Today I'd like to welcome Allan Cox, author of “Change the Way You Face The Day” to The Thursday Interview. Before we get started, a quick intro!

Allan Cox advises America's CEOs, Top Teams, and Boards of Directors, to help them reach their highest levels of achievement and personal satisfaction. His work serves as a catalyst for trust and candor among these three groups; his process uncovers sensitive issues and generates superior options for action. Working with leaders from Fortune 500 firms to smaller companies, he stimulates the creation of strategies for dealing with seemingly insurmountable difficulties. Allan's problem-solving clarity focuses on facing and conquering the tough new challenges in corporate America today.


No. 1 Would you break the law to save a loved one? Why?

Yes. Stealing a loaf of bread for a starving family is an old story that makes the point well. Had my loved one shown habitual disregard for meeting commonly understood communal obligations and values and also proved careless with past forgiveness (shattered the ties that bind) then my answer would be no. Life is seldom that cut and dried, but that’s my answer for now.

No. 2 What is the difference between being alive and truly living?

Having a sense of purpose. Knowing that purpose is as unique to you as you are to the world. Nobody’s quite like you and no purpose is quite like yours. Understanding that purpose is not always clear and takes time to unfold. This boils down further to claiming a sense of destiny and living by your soul’s code. You better know your central goal because in life the parts exist in anticipation of the whole whether or not you know what that whole is.

No. 3 What motivates you to write?

I wrote about my first trip to the dentist in an English class my second year in high school. The teacher singled it out among the others submitted by my fellow students and read it to the class. It was a riot, even as I heard it read aloud myself. I never gave any thought to that minor triumph, but it occurs to me I’ve never been hesitant to express my thoughts orally or in print. Many years later, I actually went through a self-directed personal exercise wherein I said, as into a mirror, I want to be heard!

No. 4 Why do humans want children?

Of course, not all do. It seems to me that those who really want children, and can have them, in our time, enjoy--all hardships, disappointments, and possible grief considered—lives of love and sharing they anticipated. For those capable of giving and receiving great abiding love there is no better experience in life. For the parent in such cases, the final test of such love is letting go.

No. 5 What was the biggest challenge in creating your book?

Let’s talk about my last book; that is a departure from most of my earlier books. They were prose about business and leadership. The current one is poetry, and why in Hell did I go there? It’s the economy stupid! Poetry conveys significant information in the shortest amount of space. I think of it as the CliffsNotes of human understanding. So why not go there? Some years past, I felt I could write poetry but didn’t have the courage. Then one day about four or five years ago I wrote a poem and then kept writing one daily as if under a spell. The problem for me as a reader was that so much poetry was enigmatic. But when you come across a line from say, Twice-Pulitzer Prize winner Carl Sandburg, the fog comes on little cat feet, you really have something. The challenge is making poetry relevant and accessible. In the book I join my poetry with my photography, reflections on the poem and discussion questions for both personal or group reading.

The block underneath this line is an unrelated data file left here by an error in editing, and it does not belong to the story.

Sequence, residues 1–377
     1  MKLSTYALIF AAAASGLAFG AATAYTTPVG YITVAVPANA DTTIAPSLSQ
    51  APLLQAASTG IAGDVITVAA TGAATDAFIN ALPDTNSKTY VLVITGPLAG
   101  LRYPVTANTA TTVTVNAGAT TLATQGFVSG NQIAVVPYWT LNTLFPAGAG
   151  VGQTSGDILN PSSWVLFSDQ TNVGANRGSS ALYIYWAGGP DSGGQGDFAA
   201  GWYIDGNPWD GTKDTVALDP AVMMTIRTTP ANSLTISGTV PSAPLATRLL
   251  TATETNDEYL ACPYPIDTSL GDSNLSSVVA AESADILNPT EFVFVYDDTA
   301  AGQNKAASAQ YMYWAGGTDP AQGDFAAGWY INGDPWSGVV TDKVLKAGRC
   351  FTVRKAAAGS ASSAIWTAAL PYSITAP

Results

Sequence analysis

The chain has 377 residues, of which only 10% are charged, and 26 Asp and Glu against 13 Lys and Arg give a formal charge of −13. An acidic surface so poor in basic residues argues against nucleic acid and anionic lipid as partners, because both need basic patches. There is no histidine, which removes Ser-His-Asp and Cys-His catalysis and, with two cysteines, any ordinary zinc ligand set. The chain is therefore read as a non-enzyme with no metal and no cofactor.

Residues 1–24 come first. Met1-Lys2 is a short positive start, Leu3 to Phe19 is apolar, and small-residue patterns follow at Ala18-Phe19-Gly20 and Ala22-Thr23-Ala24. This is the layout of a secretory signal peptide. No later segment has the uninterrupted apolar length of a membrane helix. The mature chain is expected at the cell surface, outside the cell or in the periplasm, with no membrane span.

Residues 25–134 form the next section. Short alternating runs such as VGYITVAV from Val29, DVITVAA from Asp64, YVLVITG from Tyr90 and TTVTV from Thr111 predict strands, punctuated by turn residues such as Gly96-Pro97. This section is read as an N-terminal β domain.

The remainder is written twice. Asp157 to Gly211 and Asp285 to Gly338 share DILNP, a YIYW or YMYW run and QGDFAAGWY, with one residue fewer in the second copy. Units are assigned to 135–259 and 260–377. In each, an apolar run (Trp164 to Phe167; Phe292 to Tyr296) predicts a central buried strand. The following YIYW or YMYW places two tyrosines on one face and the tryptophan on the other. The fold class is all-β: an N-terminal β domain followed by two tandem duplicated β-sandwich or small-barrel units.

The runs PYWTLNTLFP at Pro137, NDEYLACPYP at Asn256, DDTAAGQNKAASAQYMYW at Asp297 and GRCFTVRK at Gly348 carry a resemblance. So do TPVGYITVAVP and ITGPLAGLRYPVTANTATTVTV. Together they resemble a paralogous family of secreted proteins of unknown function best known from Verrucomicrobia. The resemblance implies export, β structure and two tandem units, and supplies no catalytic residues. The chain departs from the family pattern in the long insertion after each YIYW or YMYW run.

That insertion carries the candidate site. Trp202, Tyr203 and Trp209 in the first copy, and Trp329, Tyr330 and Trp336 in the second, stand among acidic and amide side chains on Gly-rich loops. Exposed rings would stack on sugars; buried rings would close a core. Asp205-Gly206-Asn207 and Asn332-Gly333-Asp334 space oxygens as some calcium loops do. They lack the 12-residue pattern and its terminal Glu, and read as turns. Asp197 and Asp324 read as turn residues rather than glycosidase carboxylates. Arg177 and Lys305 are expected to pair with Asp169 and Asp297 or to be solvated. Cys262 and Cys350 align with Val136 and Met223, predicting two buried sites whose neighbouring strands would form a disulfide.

No. 6 What is the most important thing you have learned in life so far?

I’m repeating myself: Know my central goal, claim it, live by it. Nurture it. This makes me appropriate to the cosmos!

No. 7 How did you come up with the title "Change the Way You Face the Day"?

Once I got comfortable with the poetry I was writing, and believing in its economy, a few notions emerged. If people could appreciate the poetry for the life insights it provides, they might get into a useful rhythm with it. So why not come out with a series of small books that they might love and even share with their friends and family in discussion? So I sought a series title for the book that would be a good launch and serve as a theme for future titles in the series.

No. 8 How do you handle personal criticism?

Better all the time. Not so well at the beginning of my writing in the early years. I believe in what I’m doing. And I understand why a lot of people are turned off by poetry. I can recommend a book besides mine for such people. It’s Good Poems, compiled by Garrison Keillor. The poems in it are simply great and I split my sides reading the introduction.

No. 9 Why should people read your book?

What do I say to that after all else I’ve said so far? I believe my poetry offers clarity and insight, a way to spend a good short time, and encourages readers to share their useful ideas with others in their orbit.

No. 10 Why is there something rather than nothing?

God made it this way.

Thank you Allan for taking the time to answer my questions & the best of luck with your new book!

Check out “Change the Way You Face The Day" on AMAZON.